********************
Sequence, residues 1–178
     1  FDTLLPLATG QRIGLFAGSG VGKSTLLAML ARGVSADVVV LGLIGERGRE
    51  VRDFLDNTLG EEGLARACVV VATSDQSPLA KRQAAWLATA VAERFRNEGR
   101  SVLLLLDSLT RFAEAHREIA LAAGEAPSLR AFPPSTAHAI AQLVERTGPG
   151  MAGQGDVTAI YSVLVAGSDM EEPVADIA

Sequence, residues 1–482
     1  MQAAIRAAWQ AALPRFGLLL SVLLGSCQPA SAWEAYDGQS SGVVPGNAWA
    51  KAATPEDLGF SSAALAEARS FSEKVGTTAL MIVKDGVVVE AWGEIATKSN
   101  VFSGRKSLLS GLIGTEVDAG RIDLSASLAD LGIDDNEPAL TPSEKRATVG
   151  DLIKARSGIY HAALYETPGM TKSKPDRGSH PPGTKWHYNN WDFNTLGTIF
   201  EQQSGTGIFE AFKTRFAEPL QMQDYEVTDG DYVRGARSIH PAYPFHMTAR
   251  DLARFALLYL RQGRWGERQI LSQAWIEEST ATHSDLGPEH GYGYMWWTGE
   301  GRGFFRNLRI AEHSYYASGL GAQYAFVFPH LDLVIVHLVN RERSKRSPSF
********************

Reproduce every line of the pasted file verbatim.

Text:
Sequence, residues 1–178
     1  FDTLLPLATG QRIGLFAGSG VGKSTLLAML ARGVSADVVV LGLIGERGRE
    51  VRDFLDNTLG EEGLARACVV VATSDQSPLA KRQAAWLATA VAERFRNEGR
   101  SVLLLLDSLT RFAEAHREIA LAAGEAPSLR AFPPSTAHAI AQLVERTGPG
   151  MAGQGDVTAI YSVLVAGSDM EEPVADIA

Sequence, residues 1–482
     1  MQAAIRAAWQ AALPRFGLLL SVLLGSCQPA SAWEAYDGQS SGVVPGNAWA
    51  KAATPEDLGF SSAALAEARS FSEKVGTTAL MIVKDGVVVE AWGEIATKSN
   101  VFSGRKSLLS GLIGTEVDAG RIDLSASLAD LGIDDNEPAL TPSEKRATVG
   151  DLIKARSGIY HAALYETPGM TKSKPDRGSH PPGTKWHYNN WDFNTLGTIF
   201  EQQSGTGIFE AFKTRFAEPL QMQDYEVTDG DYVRGARSIH PAYPFHMTAR
   251  DLARFALLYL RQGRWGERQI LSQAWIEEST ATHSDLGPEH GYGYMWWTGE
   301  GRGFFRNLRI AEHSYYASGL GAQYAFVFPH LDLVIVHLVN RERSKRSPSF